Grandmother speaks of struggle against HIV/AIDS

Grandmothers in Africa are confident that, with a little more help, they can defeat the epidemic of HIV/AIDS that is destroying their families.

Aaron Lightning

Aaron Lightning

Grandmothers in Africa are confident that, with a little more help, they can defeat the epidemic of HIV/AIDS that is destroying their families.

A new generation of young Africans who have lost their parents to the disease will grow up better equipped both socially and medically to live healthier lives through the work of grass roots organizations like Swaziland Positive Living (SWAPOL), 56-year-old grandmother Tsabile Simelane told members of the Downtown Rotary Club in Red Deer on Monday.

“We are so grateful to come to Canada to try to share the experience and the challenges that we have in the Sub-Sahara,” Simelane said in her presentation, arranged through AfriGrand Caravan, a cross-Canada tour organized by the Canada-based Stephen Lewis Foundation.

The Red Deer stop, including lunch with Rotarians and a potluck supper at The Hub, was hosted by members of GrammaLink, a local group organized through the Sunnybrook United Church to support African grandmothers raising orphaned children.

With Simelane was 19-year-old Thandeka Carol Motsa, who had hoped to become a nurse before AIDS left her family in tatters.

The eldest of four children, Motsa was 12 when her mother died of AIDS. Just three days later, their father was killed in an accident, leaving the young girl on her own to care for three little sister and brothers.

Motsa and her family are now getting help from SWAPOL, one of almost 300 projects supported by the Stephen Lewis Foundation, which was set up to help people deal with the HIV/AIDS epidemic in Africa. However, unable to continue her studies, she has had to abandon her dream of becoming a nurse.

A retired public servant and a founding member of SWAPOL, Simelane now cares for 30 grandchildren orphaned by AIDS, including some who have themselves been infected with the disease, through birth or through contact with infected parents.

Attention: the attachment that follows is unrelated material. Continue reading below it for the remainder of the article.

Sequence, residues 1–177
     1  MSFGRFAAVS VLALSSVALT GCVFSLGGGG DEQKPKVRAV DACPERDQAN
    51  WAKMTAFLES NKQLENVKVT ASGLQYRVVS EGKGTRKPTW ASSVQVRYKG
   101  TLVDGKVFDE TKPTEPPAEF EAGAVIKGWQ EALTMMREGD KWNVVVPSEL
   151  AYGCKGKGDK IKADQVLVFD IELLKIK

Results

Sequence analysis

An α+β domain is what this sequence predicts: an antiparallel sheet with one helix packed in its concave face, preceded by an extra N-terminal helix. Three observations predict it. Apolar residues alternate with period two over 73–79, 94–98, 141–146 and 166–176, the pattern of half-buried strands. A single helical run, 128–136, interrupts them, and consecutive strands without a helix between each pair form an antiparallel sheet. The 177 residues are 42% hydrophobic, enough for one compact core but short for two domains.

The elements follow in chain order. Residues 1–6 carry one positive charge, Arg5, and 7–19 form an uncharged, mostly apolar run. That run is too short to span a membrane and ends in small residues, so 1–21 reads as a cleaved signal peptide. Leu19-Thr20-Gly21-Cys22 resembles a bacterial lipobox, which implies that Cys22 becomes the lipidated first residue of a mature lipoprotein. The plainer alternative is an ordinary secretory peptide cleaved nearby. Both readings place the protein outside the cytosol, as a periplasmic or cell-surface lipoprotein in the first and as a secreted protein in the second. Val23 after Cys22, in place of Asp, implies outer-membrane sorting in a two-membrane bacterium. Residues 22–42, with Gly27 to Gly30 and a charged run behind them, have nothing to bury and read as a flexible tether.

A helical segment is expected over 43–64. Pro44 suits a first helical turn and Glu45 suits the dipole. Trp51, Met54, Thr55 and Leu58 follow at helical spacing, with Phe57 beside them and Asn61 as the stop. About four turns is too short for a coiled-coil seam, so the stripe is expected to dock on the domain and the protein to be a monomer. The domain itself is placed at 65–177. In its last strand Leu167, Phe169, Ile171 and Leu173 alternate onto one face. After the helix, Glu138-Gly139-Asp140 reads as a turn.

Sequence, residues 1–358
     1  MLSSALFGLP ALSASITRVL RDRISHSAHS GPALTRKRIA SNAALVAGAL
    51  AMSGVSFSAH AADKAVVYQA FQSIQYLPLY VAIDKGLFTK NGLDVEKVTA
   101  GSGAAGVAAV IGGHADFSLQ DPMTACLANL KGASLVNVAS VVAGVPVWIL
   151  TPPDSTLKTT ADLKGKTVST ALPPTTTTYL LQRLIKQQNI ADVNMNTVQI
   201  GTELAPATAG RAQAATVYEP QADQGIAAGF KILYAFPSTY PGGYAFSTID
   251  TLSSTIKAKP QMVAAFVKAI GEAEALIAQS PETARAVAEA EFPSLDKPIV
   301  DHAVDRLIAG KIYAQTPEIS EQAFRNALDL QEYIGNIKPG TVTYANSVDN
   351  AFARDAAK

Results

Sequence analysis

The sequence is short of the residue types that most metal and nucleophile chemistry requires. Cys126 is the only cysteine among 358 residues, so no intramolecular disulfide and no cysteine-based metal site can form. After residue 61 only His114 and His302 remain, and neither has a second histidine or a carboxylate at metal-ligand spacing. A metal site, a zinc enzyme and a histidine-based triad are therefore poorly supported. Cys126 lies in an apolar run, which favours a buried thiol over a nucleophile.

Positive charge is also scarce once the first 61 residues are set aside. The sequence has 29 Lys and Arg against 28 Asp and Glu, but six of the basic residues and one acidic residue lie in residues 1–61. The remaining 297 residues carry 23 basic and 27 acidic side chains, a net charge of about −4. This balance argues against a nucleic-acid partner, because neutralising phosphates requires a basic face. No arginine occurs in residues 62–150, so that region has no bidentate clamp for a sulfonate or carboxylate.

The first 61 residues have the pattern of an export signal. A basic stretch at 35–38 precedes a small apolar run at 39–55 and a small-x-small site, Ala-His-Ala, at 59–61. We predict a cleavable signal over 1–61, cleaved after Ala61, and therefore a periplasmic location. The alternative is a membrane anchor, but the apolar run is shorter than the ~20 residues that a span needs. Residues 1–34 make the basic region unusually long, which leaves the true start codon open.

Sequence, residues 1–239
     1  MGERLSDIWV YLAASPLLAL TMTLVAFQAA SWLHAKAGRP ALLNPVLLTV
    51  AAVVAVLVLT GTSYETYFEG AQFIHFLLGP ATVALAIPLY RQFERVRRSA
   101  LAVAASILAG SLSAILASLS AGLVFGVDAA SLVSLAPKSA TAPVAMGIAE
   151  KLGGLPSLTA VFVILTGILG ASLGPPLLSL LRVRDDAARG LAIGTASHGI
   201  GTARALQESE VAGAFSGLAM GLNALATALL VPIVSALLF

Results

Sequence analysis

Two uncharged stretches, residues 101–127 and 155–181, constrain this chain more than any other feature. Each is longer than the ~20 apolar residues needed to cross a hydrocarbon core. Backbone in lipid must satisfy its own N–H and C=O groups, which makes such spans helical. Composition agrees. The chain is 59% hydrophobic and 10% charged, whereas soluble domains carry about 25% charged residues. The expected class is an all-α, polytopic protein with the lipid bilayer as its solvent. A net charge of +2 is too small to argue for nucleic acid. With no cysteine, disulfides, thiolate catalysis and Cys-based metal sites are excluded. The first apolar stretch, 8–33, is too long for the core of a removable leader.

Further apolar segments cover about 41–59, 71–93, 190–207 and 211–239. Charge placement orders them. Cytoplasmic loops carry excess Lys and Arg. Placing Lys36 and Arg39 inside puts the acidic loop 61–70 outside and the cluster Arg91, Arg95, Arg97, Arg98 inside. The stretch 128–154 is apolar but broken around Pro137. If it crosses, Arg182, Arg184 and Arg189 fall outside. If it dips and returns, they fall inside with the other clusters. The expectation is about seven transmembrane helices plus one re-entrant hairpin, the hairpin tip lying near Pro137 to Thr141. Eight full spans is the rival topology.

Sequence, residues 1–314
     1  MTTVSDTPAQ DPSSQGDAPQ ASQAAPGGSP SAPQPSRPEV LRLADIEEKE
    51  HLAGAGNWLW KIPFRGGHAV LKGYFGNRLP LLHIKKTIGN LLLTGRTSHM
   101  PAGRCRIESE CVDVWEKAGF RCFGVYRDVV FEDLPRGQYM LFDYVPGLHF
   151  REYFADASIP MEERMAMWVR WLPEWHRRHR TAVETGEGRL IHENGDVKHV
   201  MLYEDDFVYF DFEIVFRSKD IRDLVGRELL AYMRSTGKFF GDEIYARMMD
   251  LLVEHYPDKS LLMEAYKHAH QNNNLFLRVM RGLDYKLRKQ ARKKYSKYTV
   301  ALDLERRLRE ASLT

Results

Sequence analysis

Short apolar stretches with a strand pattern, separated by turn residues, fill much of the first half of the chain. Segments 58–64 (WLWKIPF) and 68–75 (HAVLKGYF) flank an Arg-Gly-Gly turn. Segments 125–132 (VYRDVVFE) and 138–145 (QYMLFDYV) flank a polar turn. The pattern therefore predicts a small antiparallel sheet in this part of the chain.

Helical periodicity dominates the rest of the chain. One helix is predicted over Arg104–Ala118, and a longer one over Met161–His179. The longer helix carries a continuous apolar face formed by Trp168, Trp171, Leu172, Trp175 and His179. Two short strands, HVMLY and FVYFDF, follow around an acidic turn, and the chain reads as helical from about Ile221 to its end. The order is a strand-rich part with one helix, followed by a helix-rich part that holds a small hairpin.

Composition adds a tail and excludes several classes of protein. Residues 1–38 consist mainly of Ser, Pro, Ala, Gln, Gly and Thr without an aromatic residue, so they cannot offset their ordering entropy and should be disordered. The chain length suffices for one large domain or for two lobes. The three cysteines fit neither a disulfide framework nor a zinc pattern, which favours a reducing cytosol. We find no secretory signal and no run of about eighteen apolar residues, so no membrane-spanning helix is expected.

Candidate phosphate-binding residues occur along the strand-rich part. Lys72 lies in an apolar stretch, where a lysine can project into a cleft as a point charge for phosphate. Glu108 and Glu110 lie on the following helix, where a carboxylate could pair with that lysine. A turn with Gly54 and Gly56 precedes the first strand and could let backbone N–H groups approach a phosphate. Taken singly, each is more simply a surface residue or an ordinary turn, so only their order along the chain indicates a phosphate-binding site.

People in the audience wiped tears from their eyes as the two women spoke of their struggles to look after orphaned children on a continent where so many adults in the prime of their lives have died because they don’t have adequate support to help them fight their infections.

The anti-retroviral drugs that control AIDS are free of charge and readily available, Simelane said later. But people wait too long to be tested for the disease in the first place. Then, they have immeasurable difficulty getting the drugs they need to fight opportunistic infections like influenza or malaria.

SWAPOL now provides two mobile clinics that travel to participating communities to provide the support, including encouraging people to get tested earlier, before their infections elevate from HIV to AIDS, said Simelane. With more help, SWAPOL could get to more people before it’s too late to save them, she said.

GrammaLink founder Shirley Challoner said having the two women available to speak directly to potential donors provided a huge boost in the fight against AIDS in Africa at a time when charitable dollars are spread thin.

“For me, it’s quite heartwarming and inspiring to see them and have them here with us as grandmothers who have been working with them and for them in this part of the world,” said Challoner.

Part of the difficulty in raising funds here has been that people don’t really get the message when it comes secondhand, she said.

“We’re hoping that, with raising of awareness, more people will want to be involved. Everybody needs to connect with whatever resonates with them. For me, it resonates to be connecting with the (African grandmothers) because I am a grandmother.”

Challoner said she can’t imagine how she would cope if her own eight grandchildren were thrust into her care.

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